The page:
YouTube is trying to crack down on child exploitation videos on its website.
In a blog post that went live Wednesday afternoon, the video-sharing site announced five ways it was strengthening guidelines to stop perverse videos that are trying “to pass as family-friendly.”
The update to the rules have come after months of speculation on videos aimed at kids that show questionable content – for example one that featured a character similar to Peppa pig, whose teeth are pulled out at the dentist as crying is heard.
It also comes after BuzzFeed reported on other live action videos that show kids in precarious situations – for example one where a child is taped to a wall, or being pushed into a washing machine.
Other videos include young girls wearing revealing clothing; The Times noted that before it was taken down, a video of a girl wearing a nightgown had 6.5 million views.
Not all the videos under scrutiny that contain possible child exploitation are aimed at children. Some have pre-roll advertisements for brands such as Michael Kors, suggesting the targeting of an older audience; many videos had user comments that were pedophilic in nature.
Since then, companies like Cadbury chocolates maker Mondelez, Adidas, and Smirnoff Vodka have pulled their advertising dollars from the site – and in some cases from YouTube’s parent company Google.
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In response, a YouTube spokesman said: “There shouldn’t be any ads running on this content and we are working urgently to fix this.”
As part of the new drive to crack down on this type of content, YouTube has instituted a “tougher” approach to its community guidelines and has removed over 50 channels and thousands of videos, including the ones featured in news articles.
But the YouTube issue is only part of a larger problem, Lianna McDonald of the Canadian Centre for Child Protection explained.
She said that while the actions in the videos aren’t explicitly illegal, they’re still degrading and demeaning.
“If you saw someone mistreat a child in the offline world whether they were neglectful or abusive or demeaning then we would be having people hopefully, you know, following up to check in on the child,” she explained.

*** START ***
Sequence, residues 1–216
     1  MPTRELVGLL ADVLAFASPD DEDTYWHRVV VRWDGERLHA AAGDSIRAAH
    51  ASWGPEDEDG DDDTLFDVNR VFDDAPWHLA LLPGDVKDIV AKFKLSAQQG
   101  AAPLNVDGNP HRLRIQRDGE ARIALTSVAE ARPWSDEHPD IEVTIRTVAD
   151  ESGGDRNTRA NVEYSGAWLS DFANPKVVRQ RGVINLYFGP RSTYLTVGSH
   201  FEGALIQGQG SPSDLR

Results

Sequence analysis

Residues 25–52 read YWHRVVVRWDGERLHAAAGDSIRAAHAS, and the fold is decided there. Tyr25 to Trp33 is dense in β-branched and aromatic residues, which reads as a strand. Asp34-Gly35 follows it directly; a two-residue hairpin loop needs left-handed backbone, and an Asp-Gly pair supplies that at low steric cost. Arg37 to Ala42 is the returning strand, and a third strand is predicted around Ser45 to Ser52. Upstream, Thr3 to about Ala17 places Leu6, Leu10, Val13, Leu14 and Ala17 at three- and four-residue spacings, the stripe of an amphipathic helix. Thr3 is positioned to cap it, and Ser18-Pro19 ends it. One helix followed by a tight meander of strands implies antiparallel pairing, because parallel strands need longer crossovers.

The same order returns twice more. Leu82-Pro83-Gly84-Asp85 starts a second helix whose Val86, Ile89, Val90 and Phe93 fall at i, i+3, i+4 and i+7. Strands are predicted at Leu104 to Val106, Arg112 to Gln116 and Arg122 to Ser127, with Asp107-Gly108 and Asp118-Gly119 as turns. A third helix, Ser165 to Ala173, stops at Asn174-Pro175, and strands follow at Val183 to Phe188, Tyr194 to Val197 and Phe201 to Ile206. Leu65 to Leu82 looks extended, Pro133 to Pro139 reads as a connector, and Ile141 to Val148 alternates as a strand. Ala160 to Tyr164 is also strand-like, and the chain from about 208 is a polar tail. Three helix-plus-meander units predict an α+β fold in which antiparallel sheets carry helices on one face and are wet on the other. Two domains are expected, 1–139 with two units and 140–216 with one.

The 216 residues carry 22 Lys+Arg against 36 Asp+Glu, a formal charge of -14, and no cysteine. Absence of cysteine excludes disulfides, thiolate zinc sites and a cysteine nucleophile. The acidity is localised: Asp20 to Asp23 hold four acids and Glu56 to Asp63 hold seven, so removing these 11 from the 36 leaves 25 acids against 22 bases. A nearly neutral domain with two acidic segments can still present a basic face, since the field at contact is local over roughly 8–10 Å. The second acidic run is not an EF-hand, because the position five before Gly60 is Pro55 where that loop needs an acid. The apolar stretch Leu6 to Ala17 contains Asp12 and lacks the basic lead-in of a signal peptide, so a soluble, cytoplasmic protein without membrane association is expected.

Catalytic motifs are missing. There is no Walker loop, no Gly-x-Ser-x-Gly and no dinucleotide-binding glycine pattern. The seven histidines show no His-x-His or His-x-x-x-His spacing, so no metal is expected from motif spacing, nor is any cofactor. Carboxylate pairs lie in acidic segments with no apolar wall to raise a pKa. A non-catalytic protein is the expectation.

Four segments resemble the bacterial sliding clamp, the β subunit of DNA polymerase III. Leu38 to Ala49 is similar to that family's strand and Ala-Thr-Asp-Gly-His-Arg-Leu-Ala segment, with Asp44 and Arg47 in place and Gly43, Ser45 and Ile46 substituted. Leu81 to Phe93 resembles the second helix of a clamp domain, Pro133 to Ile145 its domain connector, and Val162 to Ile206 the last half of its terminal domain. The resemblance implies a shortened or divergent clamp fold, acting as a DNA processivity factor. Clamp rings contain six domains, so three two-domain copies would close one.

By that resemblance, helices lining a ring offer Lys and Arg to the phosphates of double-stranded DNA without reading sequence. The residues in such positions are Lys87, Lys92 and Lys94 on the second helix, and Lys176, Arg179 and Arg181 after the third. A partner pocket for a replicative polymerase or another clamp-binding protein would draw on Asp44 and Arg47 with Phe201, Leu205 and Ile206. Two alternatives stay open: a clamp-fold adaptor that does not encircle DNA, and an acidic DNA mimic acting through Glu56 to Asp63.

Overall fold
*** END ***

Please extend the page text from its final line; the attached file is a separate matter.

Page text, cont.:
“But in [these] examples we’re providing that that whole equation is absent.”
She says she gets about 4,000 tips a month on issues of child exploitation online, but those reports are likely tied to “the worst of the worst” situations, and doesn’t include some of the grey areas like the videos described above.
“In the worst case scenario, it’s the normalization of this type of behavior,” McDonald said. “In the sense that, for those who’ve got this problematic sort of view of children… be misinterpreted as OK.”
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Should it really all fall on YouTube to police these types of videos?
“What we’re seeing is these companies that are providing services making the rules and [regulations] about how this is going to be managed,” McDonald explained.
But she thinks government needs to play a larger role.
The Canadian Centre for Child Protection is working with federal and provincial governments on issues like this.
“We need to be coming at this from a far more strict child protection scheme,” McDonald explained.
“We need to embrace and bring on industry to help and get them engaged, work with them. So certainly Google and YouTube policy changes are important.”
She also called this a wake-up call for Canadians.
“Police need the proper resources. Child welfare needs to be brought into the equation. And perhaps most importantly and forgotten from the conversation is Canadian parents and Canadians need to again have a voice in the discussion about what are the impacts for society.”
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